Segway to end production of iconic two-wheel vehicle after series of high-profile crashes

By Rebecca Speare-Cole
A young woman rides a segway scooter near the beach in Barcelona (Picture: AFP via Getty Images)

Segway is ending production of its iconic two-wheeled transporter, which it claimed would revolutionise the way people get around.

The Segway PT was popular with tourists and police officers but its popularity was overshadowed by a series of high-profile crashes.

It will be retired on July 15, the company said in a statement.

Segway president Judy Cai said: “Within its first decade, the Segway PT became a staple in security and law enforcement, viewed as an effective and efficient personal vehicle."

A security guard wearing a mask and riding a Segway patrols inside Penn Square Mall in Oklahoma City. (AP)

She noted that in the past decade it gained popularity with holidaymakers in major cities in North America, Europe, Asia, South America, and the Middle East.

But the Segway, which carries a standing passenger on a wide platform, accounted for less than 1.5 per cent of the company’s revenue last year.

The company said 21 employees will be laid off, another 12 employees will stay on for two months to a year and five will remain at the Bedford, New Hampshire facility.

“This decision was not made lightly, and while the current global pandemic did impact sales and production, it was not a deciding factor in our decision,” Ms Cai said.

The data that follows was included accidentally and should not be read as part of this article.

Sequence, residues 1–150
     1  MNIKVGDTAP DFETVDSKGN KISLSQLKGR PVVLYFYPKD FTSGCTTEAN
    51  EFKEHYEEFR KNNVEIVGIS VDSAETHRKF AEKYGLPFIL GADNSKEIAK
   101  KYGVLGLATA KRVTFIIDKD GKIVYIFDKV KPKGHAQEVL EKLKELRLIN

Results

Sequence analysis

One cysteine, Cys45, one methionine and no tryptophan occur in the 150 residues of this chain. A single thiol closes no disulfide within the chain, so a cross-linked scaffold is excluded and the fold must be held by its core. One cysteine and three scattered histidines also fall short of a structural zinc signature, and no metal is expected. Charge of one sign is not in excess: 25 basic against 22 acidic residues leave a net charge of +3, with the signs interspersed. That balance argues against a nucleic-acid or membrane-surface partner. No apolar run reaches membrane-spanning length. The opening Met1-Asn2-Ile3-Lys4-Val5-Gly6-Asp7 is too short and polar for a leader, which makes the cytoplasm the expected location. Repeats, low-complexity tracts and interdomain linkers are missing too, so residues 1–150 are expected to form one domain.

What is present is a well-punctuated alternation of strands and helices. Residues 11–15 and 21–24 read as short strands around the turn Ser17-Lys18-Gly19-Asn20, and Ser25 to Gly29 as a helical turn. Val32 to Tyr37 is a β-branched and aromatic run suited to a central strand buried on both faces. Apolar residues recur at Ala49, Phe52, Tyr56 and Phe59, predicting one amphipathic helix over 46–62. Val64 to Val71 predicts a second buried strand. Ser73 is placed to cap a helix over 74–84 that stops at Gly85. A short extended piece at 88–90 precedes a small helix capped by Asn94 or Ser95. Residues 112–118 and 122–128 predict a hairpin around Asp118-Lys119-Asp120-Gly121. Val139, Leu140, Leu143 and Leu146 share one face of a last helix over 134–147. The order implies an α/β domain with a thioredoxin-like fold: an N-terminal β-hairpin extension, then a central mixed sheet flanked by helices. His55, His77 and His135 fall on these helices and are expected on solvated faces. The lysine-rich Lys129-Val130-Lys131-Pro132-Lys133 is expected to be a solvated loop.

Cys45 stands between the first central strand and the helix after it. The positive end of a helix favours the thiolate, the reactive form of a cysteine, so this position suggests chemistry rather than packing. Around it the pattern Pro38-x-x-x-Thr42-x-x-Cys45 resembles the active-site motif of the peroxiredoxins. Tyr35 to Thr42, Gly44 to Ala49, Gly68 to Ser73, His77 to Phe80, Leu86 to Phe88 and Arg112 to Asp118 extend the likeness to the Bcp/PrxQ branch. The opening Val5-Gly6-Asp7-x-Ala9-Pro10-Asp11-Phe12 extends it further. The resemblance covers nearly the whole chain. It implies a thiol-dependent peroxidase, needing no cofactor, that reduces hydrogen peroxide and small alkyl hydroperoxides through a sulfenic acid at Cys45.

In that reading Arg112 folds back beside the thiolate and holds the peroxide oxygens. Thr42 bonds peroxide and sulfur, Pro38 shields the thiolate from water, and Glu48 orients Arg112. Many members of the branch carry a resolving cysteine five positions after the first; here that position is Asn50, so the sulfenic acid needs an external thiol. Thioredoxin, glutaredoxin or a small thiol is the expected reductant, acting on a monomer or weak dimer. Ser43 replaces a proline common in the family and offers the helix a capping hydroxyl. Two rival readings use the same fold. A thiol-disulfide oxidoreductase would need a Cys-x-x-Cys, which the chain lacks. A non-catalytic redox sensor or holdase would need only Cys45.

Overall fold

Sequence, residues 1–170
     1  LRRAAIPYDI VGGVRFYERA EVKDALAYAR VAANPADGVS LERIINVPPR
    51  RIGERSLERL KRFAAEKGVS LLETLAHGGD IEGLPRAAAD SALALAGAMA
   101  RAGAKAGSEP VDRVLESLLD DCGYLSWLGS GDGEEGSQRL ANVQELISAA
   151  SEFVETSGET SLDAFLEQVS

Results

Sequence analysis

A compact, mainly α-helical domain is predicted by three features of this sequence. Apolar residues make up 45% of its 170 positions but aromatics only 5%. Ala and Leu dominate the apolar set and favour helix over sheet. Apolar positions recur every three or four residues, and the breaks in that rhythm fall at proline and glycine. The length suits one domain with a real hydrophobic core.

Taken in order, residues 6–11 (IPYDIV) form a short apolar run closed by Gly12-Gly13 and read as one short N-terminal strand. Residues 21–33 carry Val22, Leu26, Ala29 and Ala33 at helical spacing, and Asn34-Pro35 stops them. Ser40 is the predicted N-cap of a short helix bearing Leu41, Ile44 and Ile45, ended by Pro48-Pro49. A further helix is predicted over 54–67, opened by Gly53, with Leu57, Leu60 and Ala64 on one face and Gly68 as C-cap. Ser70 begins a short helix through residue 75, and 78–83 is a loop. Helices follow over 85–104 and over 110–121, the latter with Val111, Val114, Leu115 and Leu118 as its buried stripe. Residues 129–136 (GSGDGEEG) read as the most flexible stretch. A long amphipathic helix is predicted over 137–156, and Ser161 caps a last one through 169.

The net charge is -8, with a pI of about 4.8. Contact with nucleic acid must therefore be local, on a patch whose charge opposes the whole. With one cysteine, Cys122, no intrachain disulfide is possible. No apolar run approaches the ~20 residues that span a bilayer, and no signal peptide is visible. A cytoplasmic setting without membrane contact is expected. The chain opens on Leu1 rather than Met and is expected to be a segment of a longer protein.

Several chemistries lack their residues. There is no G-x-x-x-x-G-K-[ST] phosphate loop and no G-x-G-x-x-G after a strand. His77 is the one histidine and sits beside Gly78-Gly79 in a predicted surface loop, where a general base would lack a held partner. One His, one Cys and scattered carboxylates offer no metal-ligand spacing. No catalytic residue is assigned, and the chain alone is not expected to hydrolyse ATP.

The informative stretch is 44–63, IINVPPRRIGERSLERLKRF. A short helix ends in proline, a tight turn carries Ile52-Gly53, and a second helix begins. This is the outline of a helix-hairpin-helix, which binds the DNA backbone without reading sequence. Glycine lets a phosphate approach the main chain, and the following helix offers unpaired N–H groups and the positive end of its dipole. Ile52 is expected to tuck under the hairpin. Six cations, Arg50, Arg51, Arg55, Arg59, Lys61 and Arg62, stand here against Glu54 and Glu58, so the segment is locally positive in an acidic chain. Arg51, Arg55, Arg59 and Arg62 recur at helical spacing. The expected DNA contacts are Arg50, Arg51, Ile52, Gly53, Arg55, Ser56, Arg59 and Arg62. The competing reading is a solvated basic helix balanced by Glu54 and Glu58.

Police officers patrolling on a Segway at the Avenue Louise shopping neighbourhood in Brussels (BELGA MAG/AFP via Getty Images)

The transportation revolution that inventor Dean Kamen envisioned when he founded the company in 1999 never took off.

The Segway’s original price tag of around 5,000 US dollars was a hurdle for many customers. It also was challenging to ride because the rider had to be balanced at a specific angle for the vehicle to move forward.

If the rider’s weight shifted too much in any direction, it could easily spin out of control and throw the rider off. They were banned in some cities because users could easily lose control if they were not balanced properly.

People on a Segway tour by Buffalo Bayou on August 25, 2018 in Houston, Texa (Getty Images)

Ten months after buying the company in 2009, British self-made millionaire Jim Heselden died after the Segway he was riding careened off a 30-foot cliff not far from his country estate north of London. He was 62 years old.

In 2003, President George W Bush avoided injury after tumbling off a Segway at his parents’ summer home in Kennebunkport, Maine.

A cameraman riding a Segway ran over Usain Bolt in 2015 as the Jamaican sprinter did a victory lap after winning a 200-metre race in Beijing.

Bolt was not injured and later joked about the incident.

In 2017, Segway got into the scooter business, just as the light, inexpensive and easy-to-ride two-wheelers took over urban streets. It may have been a sign that the Segway PT’s days were numbered.

“It was probably over-hyped before it was launched, and when it was launched, it was like, this is not going to work on city sidewalks,” Ms Keller said.

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